Gigado Ashiyuki (active 1813 - 1833) Ichikawa Ebijuro I as Tobei and Nakamura Utaemon III as Hyosuke, 1830. Oban diptych.
Click here for a full-size image.
Ashiyuki is a fine Osaka print artist whose work predates the harsh censorship laws of the Tempo Reforms of the 1840’s; hence his work is characterised by larger oban sheets than the smaller discreet chuban size that was introduced as a defence against charges of decadence in the following decade. The style of his designs like his contemporaries, is vigorous and brusque. The stylistic change occasioned by the 1842 reforms led to a geometric approach to drawing whereby the portraits of say, Hirosada take on the clean, sparse lines and rich flat colour of later Osaka printmaking. Here in this print we typically see a looser approach to perspective for example. The buildings in the background cluster together like cubist designs. The staircase on the right sheet is clearly a drawn flat on the stage props and not part of the in-between world created by later Edo artists whereby the stage and the lived world drift into each other in ukiyo-e renderings. This is a picture of a performance!
The play Gokusaishiki Musume Ogi ("The Brilliant Colours of a Young Girl's Fan) was based on a real-life incident in 1661 involving a young man executed after stealing money and running away with his boss’s daughter. A deaf samurai, Tobei, is desperate to raise money to ransom a girl from servitude, because she wants to marry a poor samurai, Seijuro. One night, during a fierce storm, Tobei comes to the aid of a seriously ill, blind man, Hyosuke. Noticing a purse under Hyosuke's clothes, he asks for money, but is refused. They fight until Tobei accidentally wounds Hyosuke. Tobei finishes off Hyosuke and takes the purse, but is also shocked to discover that Hyosuke was his half-brother carrying a letter from their mother Oko asking Hyosuke to give the money to Tôbei in the first place. Further complications ensue, in an almost comic series of misunderstandings due to the various character’s disabilities.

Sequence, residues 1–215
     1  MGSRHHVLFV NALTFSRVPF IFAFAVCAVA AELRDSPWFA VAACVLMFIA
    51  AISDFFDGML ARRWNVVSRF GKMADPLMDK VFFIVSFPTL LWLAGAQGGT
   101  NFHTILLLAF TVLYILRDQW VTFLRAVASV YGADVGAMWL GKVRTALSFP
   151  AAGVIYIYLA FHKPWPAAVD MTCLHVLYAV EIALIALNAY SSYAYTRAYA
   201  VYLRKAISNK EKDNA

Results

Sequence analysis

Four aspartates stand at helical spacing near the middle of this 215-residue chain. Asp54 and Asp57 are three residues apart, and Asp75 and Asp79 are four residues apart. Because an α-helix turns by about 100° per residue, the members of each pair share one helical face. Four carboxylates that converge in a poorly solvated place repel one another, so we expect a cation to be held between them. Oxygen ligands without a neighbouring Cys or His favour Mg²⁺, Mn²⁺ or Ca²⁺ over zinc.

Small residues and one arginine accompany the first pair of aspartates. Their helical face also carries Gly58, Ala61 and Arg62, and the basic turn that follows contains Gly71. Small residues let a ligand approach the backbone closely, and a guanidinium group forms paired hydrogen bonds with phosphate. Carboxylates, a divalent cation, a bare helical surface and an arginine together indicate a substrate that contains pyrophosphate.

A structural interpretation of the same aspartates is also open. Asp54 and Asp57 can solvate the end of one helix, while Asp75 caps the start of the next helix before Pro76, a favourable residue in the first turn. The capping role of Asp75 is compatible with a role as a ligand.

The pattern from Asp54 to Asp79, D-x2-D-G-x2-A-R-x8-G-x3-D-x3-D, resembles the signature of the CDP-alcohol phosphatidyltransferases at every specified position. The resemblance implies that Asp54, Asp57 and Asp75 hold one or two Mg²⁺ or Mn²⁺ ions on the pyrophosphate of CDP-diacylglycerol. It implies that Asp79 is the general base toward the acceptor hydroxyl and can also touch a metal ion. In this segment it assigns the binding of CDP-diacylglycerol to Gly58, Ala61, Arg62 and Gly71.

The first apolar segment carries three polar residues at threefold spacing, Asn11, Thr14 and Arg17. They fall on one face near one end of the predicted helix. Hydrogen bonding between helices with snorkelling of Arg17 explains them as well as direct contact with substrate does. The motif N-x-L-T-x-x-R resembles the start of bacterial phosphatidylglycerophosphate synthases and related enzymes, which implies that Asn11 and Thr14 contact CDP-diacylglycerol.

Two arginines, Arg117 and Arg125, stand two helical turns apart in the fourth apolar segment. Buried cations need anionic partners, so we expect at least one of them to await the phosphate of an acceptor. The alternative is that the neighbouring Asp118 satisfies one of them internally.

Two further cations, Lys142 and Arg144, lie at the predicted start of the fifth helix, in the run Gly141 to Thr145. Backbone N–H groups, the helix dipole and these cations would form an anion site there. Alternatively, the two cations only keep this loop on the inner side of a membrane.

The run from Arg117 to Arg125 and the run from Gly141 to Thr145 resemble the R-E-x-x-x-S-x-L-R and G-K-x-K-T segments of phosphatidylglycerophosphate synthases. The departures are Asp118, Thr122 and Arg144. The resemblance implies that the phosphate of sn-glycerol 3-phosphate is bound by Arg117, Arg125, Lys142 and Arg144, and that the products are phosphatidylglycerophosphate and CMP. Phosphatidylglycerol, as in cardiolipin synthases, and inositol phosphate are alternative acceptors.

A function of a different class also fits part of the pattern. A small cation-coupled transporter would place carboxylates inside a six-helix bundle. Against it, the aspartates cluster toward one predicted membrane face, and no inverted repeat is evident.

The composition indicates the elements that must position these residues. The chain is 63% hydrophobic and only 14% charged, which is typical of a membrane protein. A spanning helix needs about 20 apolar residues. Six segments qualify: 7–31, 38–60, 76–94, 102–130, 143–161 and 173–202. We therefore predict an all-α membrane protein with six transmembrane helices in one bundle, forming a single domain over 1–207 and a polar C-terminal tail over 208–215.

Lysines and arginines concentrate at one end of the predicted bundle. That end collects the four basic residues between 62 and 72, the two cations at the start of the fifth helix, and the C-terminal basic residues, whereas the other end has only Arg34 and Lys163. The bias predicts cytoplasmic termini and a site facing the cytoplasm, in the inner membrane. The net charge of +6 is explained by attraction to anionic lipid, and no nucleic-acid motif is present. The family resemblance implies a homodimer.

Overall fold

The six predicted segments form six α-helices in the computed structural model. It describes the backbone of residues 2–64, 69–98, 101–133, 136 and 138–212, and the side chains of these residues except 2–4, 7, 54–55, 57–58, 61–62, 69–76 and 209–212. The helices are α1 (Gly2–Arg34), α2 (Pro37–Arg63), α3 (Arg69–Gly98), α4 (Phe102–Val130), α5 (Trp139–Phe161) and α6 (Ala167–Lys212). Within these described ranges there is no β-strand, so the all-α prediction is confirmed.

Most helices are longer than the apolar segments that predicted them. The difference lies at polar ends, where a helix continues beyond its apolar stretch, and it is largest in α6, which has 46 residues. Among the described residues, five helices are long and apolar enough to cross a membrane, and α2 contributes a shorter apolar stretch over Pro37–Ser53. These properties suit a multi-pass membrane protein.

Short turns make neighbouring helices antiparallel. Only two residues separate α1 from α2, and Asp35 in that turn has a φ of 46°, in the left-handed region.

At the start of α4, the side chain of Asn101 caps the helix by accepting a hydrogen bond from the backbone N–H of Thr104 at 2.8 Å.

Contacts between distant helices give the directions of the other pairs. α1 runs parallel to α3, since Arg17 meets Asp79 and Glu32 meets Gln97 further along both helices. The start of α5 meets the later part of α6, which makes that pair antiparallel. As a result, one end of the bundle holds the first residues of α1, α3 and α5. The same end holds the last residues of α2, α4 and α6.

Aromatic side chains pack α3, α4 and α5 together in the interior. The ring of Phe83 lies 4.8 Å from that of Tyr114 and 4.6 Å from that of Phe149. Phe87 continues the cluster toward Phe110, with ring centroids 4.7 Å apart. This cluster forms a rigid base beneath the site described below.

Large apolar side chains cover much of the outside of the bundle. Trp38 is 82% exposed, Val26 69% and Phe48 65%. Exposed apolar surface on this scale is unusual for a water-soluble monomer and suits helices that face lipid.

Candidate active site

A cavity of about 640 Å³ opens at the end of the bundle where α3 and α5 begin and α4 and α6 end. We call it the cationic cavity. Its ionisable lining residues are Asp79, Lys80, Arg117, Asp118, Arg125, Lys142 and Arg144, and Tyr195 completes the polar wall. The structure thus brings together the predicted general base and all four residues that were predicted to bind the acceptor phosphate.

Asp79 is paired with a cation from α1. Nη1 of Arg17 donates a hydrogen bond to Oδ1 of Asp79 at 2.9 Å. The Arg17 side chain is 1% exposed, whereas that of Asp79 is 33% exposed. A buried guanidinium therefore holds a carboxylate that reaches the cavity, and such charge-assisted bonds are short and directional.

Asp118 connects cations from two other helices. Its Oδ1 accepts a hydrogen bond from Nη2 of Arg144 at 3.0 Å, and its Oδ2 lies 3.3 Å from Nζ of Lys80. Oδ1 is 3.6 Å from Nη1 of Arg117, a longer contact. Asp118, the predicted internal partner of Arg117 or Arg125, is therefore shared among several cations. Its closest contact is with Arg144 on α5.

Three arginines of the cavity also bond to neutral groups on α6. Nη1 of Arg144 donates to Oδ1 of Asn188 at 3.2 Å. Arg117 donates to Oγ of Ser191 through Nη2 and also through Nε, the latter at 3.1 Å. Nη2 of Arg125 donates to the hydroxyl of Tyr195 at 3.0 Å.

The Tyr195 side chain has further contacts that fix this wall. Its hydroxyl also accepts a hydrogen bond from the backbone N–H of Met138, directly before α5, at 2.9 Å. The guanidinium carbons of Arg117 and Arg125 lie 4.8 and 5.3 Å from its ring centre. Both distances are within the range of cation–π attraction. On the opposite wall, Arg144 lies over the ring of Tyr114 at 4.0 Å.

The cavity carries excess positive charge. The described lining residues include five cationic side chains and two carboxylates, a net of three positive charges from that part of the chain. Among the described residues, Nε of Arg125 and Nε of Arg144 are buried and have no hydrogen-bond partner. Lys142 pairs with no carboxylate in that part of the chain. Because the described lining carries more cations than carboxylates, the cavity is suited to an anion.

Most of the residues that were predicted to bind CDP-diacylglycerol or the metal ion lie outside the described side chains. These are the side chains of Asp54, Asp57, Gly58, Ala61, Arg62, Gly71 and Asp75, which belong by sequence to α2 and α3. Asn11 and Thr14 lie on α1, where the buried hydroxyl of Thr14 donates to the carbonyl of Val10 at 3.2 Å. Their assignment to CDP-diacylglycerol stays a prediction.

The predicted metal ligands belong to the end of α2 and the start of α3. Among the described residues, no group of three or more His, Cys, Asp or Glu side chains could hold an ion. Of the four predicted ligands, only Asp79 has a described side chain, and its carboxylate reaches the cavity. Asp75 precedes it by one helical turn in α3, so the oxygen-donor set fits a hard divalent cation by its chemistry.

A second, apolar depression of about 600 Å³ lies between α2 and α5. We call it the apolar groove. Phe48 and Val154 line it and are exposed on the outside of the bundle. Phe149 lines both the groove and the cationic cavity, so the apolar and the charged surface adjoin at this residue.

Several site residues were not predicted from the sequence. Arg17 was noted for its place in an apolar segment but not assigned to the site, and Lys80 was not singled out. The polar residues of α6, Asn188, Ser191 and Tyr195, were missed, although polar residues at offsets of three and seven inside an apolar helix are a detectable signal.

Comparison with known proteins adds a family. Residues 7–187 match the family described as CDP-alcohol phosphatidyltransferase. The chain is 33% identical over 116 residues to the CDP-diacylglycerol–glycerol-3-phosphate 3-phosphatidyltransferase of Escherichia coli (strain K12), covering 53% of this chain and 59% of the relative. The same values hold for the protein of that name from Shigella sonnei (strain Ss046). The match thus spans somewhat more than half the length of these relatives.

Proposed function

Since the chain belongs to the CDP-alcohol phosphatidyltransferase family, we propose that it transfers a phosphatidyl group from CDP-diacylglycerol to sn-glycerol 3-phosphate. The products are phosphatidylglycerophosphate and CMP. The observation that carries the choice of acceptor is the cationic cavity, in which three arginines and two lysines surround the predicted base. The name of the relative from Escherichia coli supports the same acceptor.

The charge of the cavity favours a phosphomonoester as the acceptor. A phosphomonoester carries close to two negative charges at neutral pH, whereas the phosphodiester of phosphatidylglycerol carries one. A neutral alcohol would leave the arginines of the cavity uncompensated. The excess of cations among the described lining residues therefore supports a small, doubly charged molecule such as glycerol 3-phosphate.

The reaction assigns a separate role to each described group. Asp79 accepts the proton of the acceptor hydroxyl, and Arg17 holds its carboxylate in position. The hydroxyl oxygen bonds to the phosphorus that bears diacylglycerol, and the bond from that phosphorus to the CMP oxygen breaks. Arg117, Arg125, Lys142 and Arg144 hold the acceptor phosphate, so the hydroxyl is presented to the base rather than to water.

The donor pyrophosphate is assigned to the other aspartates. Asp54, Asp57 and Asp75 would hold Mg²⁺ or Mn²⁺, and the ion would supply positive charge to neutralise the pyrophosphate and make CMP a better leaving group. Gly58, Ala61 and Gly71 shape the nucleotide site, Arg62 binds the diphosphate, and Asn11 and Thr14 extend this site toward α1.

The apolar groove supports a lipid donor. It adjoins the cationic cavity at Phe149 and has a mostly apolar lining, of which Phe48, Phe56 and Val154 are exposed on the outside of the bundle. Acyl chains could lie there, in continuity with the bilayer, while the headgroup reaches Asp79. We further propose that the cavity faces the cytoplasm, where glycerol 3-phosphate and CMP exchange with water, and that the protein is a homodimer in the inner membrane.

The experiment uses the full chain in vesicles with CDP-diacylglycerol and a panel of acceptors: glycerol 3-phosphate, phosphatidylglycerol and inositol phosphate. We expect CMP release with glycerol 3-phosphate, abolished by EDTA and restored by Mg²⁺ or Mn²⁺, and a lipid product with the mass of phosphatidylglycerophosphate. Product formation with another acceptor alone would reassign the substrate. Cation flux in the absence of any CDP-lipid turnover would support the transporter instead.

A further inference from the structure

Ashiyuki clearly pictures the moment when Hyosuke is struggling to hold onto the purse of money (left sheet) and Tobei is raising his sword to strike him down. Ashiyuki prints are scarce, this print is unusually complete. It is almost identical in condition to the Museum of Fine Arts Boston example, the only other complete set that I know of. Colour is very good, with little fading to the yellow. The all important rain is deeply embossed and printed with long, still-sparkling silver metallic streaks. The print has Japanese album backing, the surface has some wear but overall is very good for the age.
50 x 37 cm.